Blood Diseases

Although every disease affects the blood one way or another, a blood specialist, Hematologist, deals with specific diseases that primarily affect the blood and the bone marrow. The hematologists are also the experts who deal with blood clotting disorders and a variety of related diseases.

There are three components to the blood that fall into the sphere of the hematologist expertise. The red cells whose functions is to carry oxygen  to the tissues, the white cells that fight against infections, and the platelets that are the small sticky particles whose job is to stop the bleeding by sealing the leaks in the blood vessels.

Those three kinds of cells are produced by the bone marrow, which is the juicy material inside the bone. This cell production is well-orchestrated. It follows the rules of supply and demand. So, when we bleed, a signal from the kidneys, Erythropoietin, tells the bone marrow to make more red cells to make up for the loss. When enough red cells are produced, another signal tells the bone marrow to slow down.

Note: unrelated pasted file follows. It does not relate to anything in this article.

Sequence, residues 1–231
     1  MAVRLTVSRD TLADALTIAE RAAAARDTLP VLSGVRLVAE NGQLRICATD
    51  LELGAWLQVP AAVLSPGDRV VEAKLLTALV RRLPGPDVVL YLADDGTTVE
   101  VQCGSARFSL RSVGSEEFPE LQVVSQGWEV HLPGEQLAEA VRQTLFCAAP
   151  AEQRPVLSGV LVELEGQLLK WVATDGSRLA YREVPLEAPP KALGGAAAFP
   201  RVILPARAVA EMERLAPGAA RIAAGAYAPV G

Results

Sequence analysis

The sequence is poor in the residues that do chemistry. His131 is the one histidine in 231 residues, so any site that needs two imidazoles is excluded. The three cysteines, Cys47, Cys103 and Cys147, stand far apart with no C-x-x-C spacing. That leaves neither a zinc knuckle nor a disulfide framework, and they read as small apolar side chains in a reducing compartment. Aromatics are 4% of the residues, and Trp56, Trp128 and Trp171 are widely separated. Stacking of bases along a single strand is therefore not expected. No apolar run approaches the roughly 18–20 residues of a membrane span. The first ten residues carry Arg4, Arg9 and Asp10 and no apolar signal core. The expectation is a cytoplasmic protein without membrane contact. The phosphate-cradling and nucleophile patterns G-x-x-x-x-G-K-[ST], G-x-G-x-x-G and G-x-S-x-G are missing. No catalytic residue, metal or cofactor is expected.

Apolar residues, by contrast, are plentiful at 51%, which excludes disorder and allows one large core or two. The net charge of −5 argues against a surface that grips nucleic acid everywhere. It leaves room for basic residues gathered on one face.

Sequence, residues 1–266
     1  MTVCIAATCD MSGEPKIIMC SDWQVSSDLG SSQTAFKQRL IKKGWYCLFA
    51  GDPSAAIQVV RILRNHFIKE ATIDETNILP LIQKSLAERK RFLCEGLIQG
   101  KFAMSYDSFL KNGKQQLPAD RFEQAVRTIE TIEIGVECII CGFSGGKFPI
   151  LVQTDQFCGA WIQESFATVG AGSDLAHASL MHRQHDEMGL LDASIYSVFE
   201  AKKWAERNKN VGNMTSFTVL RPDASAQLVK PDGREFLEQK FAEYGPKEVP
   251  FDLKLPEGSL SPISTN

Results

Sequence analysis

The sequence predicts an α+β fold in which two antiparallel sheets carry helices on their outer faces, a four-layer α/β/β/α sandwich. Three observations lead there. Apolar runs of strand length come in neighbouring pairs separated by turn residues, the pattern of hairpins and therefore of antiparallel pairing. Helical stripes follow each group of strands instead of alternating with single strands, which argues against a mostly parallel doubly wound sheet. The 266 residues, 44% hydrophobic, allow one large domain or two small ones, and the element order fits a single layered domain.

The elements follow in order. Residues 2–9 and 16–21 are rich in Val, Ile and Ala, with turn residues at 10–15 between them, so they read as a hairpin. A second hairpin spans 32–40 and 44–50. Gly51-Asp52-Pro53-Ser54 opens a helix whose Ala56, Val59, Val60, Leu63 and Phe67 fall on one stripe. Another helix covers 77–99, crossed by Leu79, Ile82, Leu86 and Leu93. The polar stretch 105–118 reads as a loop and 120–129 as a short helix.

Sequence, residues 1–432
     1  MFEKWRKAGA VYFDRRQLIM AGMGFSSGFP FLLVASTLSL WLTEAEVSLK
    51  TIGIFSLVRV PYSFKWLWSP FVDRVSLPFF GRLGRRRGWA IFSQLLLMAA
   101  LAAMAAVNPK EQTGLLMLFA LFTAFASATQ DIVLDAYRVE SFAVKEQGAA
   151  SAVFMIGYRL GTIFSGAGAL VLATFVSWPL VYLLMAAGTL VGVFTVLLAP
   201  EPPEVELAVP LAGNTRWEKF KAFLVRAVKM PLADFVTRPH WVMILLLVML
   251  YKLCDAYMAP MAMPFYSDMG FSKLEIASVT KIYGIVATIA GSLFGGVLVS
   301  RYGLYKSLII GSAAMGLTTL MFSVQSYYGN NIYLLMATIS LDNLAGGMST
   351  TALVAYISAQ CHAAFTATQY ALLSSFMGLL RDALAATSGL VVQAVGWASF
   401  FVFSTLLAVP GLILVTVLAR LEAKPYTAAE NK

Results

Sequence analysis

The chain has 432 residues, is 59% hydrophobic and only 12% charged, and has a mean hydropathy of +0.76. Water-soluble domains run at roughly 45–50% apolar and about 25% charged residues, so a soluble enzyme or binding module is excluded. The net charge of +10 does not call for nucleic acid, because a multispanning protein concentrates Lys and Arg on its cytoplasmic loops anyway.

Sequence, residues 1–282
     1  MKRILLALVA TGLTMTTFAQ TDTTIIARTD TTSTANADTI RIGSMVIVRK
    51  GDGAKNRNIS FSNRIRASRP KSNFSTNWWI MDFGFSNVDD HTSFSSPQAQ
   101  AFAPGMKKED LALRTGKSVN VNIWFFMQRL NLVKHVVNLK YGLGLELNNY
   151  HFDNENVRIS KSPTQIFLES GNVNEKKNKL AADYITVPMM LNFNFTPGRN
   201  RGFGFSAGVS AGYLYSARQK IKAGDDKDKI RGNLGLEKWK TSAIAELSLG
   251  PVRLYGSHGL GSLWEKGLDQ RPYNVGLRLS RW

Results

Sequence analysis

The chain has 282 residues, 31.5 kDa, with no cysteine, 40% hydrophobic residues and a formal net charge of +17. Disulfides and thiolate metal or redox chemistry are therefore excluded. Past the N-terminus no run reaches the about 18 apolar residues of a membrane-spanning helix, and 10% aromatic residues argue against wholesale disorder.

Likewise, when there is an infection, such as pneumonia, several signals would command the bone marrow to make more white blood cells to fight the infection and prevent it from spreading to other body parts. When enough white cells are produced or when the infection is contained, another chemical signal would tell the bone marrow to slow down and take it easy. You can imagine the same happens with the platelets when there is blood loss that will need more of them to contain the blood loss.

Blood diseases happen when these checks and balances fail. In fact, diseases of all kinds are basically a failure of this delicate and meticulous process of checks and balances. That is what separates physiology (normal) from pathology (disease state).

Hematologists deal with the pathology part of the process, because when things are physiological, you don’t need help.

Of course, it wouldn’t be easy to describe all the possible diseases that can arise when the process fails; but, by clicking on the links below, you can go through specific diseases of the blood in a simplified fashion that is not intended to be medical advice. I say this not to avoid litigation, but because it is more complex than to describe in a page, a chapter, or even a book. It takes eight years of education after high school and an additional six years of training to become a blood specialist. We feel that broad, simplified education to the public can only be helpful, but not enough to self treat or diagnose. That is the job of the professionals.